Preserving cultural heritage: Shifting paradigms in the face of war, occupation, and identity

Sahera Bleibleh, Jihad Awad

Research output: Contribution to journalArticlepeer-review

26 Citations (Scopus)


War is often an amalgamation of various objectives and occupation a realization of one core aim, that is, the suppression of the identity of an occupied population. Thus, warfare not only affects people but also the collective narrative of their environments, history, culture, and identity. Consequently, deliberate destruction of cultural heritage becomes part of any political struggle. Once political struggles infringe on a nation's history, both local and global institutions and entities must take responsibility for preserving the authenticity of the global narrative. Deprioritizing urban conservation policies, especially during times of war, is known to inflict sheer, and sometimes irreversible, damage on a national and global scale. Despite the United Nations Educational, Scientific and Cultural Organization's (UNESCO) regulations on protecting cultural heritage during war, the enforcement of such responsibilities on the ground remains questionable. The Palestinian experience is among the rare existing narratives of cultural heritage and architectural conservation becoming the crux of resistance against loss of land and identity. Lacking a central authority and having only been operational for the last three decades, the conservation movement has nonetheless succeeded in conserving a considerable part of Palestinian architectural heritage. The quality of work produced by these efforts has received international recognition and various accolades, despite ongoing difficulties faced under occupation. This paper highlights the role of non-governmental organizations in Palestine, particularly of Riwaq, and details their internationally recognized conservation efforts in several locations, such as Jerusalem and Hebron. These examples are presented to foster the argument that architecture is intrinsic to preserving historical authenticity and local identity. A dependable future rests on preserving the cultural heritage of all places, requiring universal compliance among nations that transcends physical borders and boundaries to promote the continuity of shared legacy.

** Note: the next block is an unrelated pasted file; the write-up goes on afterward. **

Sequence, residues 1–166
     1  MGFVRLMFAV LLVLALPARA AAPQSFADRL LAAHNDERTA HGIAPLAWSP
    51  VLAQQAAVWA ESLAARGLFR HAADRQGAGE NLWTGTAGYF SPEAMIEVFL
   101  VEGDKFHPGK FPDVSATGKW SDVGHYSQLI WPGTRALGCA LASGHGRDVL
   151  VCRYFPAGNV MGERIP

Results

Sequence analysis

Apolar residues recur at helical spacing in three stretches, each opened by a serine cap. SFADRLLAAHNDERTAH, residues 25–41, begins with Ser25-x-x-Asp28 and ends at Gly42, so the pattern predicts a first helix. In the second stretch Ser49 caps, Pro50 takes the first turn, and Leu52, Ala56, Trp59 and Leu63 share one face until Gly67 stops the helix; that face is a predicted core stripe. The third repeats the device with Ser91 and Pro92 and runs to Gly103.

Original languageEnglish
Pages (from-to)196-203
Number of pages8
JournalJournal of Cultural Heritage
Publication statusPublished - Jul 1 2020


  • Conservation policies
  • Cultural heritage
  • Identity
  • Palestine
  • Resistance
  • Riwaq and NGOs

ASJC Scopus subject areas

  • Chemistry (miscellaneous)
  • General Economics,Econometrics and Finance
  • Archaeology
  • Spectroscopy
  • Conservation
  • Computer Science Applications
  • Materials Science (miscellaneous)


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